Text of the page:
- Charles Hoskinson maintains that staking ETH looks like regulated products.
- Cardano founder believes locking funds and centralization hurts the crypto industry.
- Coinbase CEO stands against the SEC’s supposed intention to ban crypto staking.
Charles Hoskinson, the Cardano network founder, reinforces his earlier argument that the new Ethereum staking protocol looks “a lot like regulated products,” taking sides with the US Securities and Exchange Commission (SEC).
In a video shared on Twitter today, Hoskinson argued that even if Cardano, Polkadot, Ethereum, and Avalanche, are all staking systems, they all have different modes of operation that may translate to varying regulatory overhead.
The Cardano founder believes temporarily giving up assets to another party to do some work on a person’s behalf to generate revenue, as in the case of Ethereum looks like regulated products.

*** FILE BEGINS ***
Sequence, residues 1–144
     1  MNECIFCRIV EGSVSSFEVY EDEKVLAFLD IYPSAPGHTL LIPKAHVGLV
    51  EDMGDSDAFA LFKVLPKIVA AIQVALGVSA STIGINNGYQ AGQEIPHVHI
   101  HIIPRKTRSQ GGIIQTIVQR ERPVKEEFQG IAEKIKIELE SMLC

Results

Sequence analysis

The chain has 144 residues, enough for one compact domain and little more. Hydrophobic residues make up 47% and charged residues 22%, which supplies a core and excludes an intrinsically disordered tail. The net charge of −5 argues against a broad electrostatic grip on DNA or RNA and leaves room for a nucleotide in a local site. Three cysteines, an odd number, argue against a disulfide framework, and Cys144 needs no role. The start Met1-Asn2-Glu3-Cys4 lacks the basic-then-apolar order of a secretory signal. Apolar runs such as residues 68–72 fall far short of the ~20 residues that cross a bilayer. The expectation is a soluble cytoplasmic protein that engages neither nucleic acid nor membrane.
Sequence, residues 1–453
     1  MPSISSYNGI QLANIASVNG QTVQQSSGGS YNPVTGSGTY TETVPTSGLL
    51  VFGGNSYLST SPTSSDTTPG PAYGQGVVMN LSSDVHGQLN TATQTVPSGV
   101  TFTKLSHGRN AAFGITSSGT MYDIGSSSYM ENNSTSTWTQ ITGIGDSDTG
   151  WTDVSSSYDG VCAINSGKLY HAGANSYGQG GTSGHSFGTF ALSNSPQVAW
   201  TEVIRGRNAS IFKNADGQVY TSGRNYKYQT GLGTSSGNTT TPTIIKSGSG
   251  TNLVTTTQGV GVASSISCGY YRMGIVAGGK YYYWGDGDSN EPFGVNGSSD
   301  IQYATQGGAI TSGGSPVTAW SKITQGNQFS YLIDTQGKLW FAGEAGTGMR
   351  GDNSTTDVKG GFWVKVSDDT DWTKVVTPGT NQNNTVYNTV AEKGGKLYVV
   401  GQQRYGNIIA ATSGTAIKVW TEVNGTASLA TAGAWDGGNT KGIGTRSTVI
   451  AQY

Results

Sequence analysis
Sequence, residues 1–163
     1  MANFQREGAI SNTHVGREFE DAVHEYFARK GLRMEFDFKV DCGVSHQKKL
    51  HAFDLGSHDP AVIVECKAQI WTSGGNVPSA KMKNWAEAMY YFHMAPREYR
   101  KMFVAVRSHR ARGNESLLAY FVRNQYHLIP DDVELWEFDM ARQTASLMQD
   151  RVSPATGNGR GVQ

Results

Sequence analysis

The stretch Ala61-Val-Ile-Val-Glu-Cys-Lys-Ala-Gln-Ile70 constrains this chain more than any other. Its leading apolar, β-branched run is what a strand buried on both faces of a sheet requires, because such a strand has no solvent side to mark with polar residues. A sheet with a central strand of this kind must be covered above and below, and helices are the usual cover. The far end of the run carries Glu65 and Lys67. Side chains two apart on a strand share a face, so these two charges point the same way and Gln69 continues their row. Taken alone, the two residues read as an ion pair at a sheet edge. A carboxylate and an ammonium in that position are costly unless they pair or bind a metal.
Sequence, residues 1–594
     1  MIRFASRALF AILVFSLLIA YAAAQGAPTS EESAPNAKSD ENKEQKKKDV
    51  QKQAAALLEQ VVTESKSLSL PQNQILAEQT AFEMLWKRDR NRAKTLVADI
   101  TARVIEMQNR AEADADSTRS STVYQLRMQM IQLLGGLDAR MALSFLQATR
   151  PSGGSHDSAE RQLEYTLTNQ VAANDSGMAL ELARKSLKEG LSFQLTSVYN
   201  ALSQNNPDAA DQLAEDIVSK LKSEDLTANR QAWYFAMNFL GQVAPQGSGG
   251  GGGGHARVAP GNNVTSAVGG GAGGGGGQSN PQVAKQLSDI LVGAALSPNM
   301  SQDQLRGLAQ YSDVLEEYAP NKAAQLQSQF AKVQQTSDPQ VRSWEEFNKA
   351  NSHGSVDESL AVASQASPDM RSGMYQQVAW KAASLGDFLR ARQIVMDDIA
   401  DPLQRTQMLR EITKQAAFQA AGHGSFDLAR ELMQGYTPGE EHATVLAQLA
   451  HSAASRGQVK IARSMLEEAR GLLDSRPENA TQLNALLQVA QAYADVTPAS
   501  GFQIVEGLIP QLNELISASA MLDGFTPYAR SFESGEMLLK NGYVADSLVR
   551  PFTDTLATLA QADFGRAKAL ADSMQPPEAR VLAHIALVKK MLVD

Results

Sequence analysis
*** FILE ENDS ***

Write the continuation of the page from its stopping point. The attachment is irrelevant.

However, Hoskinson noted that Bitcoin and Cardano staking models are markedly different. He expressed that the custody of the underlying asset in Bitcoin is the hash resources, the actual work pillow. “The assets still belong to you. You only delegated them to the network work collectively to build a block,” the Cardano founder contended.
These arguments began yesterday when Brian Armstrong, the CEO of Coinbase crypto exchange, tweeted about a rumor that the SEC was getting rid of crypto staking for retail customers. Armstrong believed such action would be a terrible path for the United States.
While the Coinbase CEO contended that staking was a crucial innovation in crypto for allowing users to participate in running open crypto networks, the Cardano founder expressed contrary views. He said: “Locking funds, encouraging centralization, and poor protocol design hurts the whole industry.”
Hoskinson further expressed contempt that all proof of stake protocols would be lumped together ‘due to a fundamental misunderstanding about the facts of operation and design.”